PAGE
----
2013 -2015 | Middle East / Saudi Arabia / Addiriyah

Addiriyah Art Center

We are convinced that any architectural design should be grounded and rooted in the site where the work is to arise. To this end, the visits to Addiriyah were of critical importance to understanding how nature’s all-important role in the surrounding territory sees it serving not only as the setting for farming and as the underlying visual landscape, but also as the irrefutable framework for the placement, the configuration and even the material essence of the architecture.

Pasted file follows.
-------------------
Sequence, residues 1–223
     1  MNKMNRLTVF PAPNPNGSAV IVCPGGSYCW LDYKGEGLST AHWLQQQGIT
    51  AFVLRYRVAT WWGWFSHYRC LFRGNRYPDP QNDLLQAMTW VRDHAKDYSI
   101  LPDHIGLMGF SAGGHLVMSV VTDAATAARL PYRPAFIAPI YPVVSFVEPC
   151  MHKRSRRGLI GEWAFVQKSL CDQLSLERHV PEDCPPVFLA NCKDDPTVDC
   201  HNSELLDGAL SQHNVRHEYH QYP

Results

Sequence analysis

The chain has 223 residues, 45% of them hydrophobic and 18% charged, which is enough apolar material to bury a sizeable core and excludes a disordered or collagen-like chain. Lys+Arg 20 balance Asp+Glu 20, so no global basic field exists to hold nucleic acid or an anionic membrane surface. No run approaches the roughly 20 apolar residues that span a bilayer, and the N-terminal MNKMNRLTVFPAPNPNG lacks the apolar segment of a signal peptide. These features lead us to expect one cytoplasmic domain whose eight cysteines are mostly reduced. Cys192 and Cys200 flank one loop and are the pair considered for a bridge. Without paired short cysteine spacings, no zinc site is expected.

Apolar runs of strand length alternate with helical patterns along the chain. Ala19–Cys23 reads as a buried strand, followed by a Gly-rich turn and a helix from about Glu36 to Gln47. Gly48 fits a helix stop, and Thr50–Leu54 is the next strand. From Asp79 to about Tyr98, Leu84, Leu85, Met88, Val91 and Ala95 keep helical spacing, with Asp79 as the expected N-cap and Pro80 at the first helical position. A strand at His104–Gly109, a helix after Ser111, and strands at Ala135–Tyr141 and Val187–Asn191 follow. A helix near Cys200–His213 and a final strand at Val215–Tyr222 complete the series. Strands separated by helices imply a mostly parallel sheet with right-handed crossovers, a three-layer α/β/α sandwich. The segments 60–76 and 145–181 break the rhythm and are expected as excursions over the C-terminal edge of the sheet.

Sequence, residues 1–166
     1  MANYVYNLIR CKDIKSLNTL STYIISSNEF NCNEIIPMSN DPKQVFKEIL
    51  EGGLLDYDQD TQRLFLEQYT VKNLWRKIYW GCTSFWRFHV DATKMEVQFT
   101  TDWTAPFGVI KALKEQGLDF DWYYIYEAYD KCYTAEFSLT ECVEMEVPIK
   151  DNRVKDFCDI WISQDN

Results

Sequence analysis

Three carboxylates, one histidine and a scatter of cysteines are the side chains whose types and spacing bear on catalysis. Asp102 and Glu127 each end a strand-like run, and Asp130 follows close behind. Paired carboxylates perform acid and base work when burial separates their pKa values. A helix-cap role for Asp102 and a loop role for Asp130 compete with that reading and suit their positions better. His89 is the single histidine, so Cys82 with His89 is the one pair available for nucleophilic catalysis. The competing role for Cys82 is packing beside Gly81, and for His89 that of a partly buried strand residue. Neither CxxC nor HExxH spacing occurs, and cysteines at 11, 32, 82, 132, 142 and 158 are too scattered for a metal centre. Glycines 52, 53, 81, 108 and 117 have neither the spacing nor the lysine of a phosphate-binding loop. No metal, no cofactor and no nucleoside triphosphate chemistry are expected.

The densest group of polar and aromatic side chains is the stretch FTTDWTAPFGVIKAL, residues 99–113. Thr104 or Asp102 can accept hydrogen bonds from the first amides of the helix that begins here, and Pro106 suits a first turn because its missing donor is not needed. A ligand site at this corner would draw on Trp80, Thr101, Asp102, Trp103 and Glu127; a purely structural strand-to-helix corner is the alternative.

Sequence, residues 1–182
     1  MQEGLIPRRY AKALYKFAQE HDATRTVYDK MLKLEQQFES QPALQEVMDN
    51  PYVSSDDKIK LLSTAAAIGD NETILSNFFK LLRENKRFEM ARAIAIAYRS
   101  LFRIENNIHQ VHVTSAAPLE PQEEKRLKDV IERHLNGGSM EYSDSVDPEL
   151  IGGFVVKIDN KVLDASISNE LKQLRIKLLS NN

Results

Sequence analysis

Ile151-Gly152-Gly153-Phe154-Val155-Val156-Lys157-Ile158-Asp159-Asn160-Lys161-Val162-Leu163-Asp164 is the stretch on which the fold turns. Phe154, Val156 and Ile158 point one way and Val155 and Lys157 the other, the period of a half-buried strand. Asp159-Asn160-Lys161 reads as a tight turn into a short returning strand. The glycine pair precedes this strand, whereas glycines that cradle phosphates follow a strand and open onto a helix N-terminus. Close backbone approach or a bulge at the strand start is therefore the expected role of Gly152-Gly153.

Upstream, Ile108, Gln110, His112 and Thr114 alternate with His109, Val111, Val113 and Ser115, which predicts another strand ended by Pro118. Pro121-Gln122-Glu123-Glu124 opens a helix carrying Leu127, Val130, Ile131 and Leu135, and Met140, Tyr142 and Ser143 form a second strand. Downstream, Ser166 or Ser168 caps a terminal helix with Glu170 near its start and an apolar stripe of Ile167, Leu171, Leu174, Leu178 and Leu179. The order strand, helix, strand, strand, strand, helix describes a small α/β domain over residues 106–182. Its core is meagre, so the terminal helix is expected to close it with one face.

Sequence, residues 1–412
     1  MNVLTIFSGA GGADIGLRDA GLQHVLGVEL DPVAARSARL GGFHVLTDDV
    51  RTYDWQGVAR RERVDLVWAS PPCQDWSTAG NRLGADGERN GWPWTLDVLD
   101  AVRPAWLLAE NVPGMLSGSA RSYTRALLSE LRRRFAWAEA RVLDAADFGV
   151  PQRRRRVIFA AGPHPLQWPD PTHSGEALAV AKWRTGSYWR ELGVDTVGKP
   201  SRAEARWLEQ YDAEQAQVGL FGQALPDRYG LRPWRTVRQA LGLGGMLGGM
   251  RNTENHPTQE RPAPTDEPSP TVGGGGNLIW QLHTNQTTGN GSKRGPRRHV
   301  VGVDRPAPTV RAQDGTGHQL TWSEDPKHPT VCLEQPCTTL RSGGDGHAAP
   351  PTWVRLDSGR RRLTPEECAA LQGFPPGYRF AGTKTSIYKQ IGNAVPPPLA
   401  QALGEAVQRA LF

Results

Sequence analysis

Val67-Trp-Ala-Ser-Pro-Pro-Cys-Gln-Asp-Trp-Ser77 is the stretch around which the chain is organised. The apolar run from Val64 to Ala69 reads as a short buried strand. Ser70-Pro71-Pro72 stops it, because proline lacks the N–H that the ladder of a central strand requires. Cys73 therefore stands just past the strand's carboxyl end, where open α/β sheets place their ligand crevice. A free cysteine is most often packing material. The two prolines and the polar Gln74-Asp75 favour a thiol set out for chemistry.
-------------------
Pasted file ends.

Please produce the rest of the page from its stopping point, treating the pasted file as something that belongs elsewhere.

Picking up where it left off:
The area set aside for the project is found along the slope of a rocky escarpment that follows the linear layout of the Wadi, atop a sort of natural terrace that runs from north to south, dominating the surrounding countryside from its perch above a plain filled with farm land, gardens and a luxuriant palm grove. We are near the edge of the modern town, at the point where, under the plans drawn up for its development, the urban zones comes to a conclusion, bending in with the natural environment. We feel that the new building, with its high visibility from elsewhere in the surrounding territory, should make the most of its role as the town’s boundary while, at the same time, serving to restore the balance and establish ties between the developed area and the natural setting. With this project we intend to restore the continuity between the project area and the bed of the Wadi, both by demolishing the existing retaining wall, so as to return the slope of the hillside to its natural form, and by designing the Art Centre as a permeable building complex that offers the possibility of a walkway connection for pedestrians to the Sculpture Park planned for future construction along the valley floor. The complex is designed as a urban fragment, a system arranged around an urban space continuously connected to the course of the town. The spaces between the constructed volumes, in terms of their size and configuration, would hearken back to those of old Addiriyah, with its narrow streets and small-scale squares. The rigorous logic of the geometry would change in sequence of the natural course of the landscape. Nature would indicate the form of the manmade structures, rather than the opposite.

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